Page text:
I guess they've always been around, I just hadn't know it.

posted @ Sunday, September 10, 2006 10:45 PM | Feedback (0)
What are the different kinds of controlled pedestrian crossings (birds)

So I'll use my blog to help me learn the stuff for my advanced test I thought. One question that came into my head this week followed a crash report on one of the Internet bike lists. They spoke about one of those crossings that has a green man, and a green bicycle. I couldn't remember if it was a Toucan or a Puffin that had that.

So here goes, for me and you. Be quiet and listen :)

All this stuff is online as well as in print, so you can check and see if I got it right.

Well, to begin with, the crossing which allows cyclists to go is called a Toucan. On those, there is a wee green man standing beside a green bicycle.

Pelican crossings have a button for the pedestrian to push, and if you cross after a while they have the bit where the wee green man flashes to indicate that you should do that comedy effect of appearing to hurry but actually walking at the same speed. What the flashing actually means is that you shouldn't start to cross, but you have enough time to finish if you are already on the crossing.

Puffin crossings have a button too, but have pictures of wee men right beside the button as well as up on the traffic light. These show red when you are to stay where you are, and green when you can go. There is no flashing stage, the wee men behave themselves on these crossings.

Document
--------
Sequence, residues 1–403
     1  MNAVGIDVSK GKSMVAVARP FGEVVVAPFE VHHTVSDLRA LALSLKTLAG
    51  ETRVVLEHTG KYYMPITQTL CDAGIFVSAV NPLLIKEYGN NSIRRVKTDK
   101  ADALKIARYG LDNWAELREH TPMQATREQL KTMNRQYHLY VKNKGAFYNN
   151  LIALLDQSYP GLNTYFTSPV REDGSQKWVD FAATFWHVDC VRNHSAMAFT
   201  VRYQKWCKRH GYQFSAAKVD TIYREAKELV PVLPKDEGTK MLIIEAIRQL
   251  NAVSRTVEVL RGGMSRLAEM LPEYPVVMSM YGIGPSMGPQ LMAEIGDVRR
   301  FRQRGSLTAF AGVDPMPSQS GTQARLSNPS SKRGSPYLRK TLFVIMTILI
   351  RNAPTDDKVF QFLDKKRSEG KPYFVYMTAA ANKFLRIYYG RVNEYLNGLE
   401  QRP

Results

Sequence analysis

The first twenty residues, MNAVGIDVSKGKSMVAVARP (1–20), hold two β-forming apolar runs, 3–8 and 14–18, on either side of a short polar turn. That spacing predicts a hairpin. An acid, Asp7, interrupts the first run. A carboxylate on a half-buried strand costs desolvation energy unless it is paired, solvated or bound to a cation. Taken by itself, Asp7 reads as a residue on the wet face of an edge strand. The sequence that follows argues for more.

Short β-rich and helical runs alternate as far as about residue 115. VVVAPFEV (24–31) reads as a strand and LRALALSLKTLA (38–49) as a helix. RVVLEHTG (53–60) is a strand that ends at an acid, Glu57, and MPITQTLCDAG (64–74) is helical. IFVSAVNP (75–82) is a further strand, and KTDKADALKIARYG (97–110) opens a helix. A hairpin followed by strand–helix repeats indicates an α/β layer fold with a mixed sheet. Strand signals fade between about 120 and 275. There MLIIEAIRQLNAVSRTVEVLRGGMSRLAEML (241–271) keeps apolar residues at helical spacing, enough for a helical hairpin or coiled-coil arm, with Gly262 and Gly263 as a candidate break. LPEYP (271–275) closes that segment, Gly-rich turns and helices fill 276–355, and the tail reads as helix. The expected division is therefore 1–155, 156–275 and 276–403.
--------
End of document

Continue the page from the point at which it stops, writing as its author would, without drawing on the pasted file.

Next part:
posted @ Sunday, September 10, 2006 9:50 PM | Feedback (0)
Second Ride to Advanced

Thankfully the weather turned out good today, though I was happier with my ride out last week. Today was limited due to holidays etc, and because of that there weren't enough Observers to do individual rides. So we all had a group run, which is basically a bimble along off somewhere into the country and back.

I must admit to a bit of nervousness, I'm still pretty new to this lark, and I normally ride solo with noone else to bother about. I've also got a bit of an aversion to driving with other cars too, bothering about others rather than the drive is too much of a distraction. But, its all about learning, and picking up safe things to do. I kept telling myself to concentrate on my own ride, not to get dragged in to anything I wasn't happy with.

And the run was fine, it was a lovely day today and a nice run into the borders. There are lovely roads down there, and they've even put some signs up for us bikers to remind us not to fall off the road on twisty bits. It showed up weak spots that I know about, I'm not that confident with parking up. I'm hesitant enough in the car, but with bikes all around I'm still looking for car sized spaces! And the run back from Peebles showed up my reticence in overtaking, there were a few safe opportunities, but I'm still trying to tune my speed sense for the bike. The things accellerate so quickly that I let some opportunities go, but all in the name of safety. The main thing is not to crash, making progress can come with training.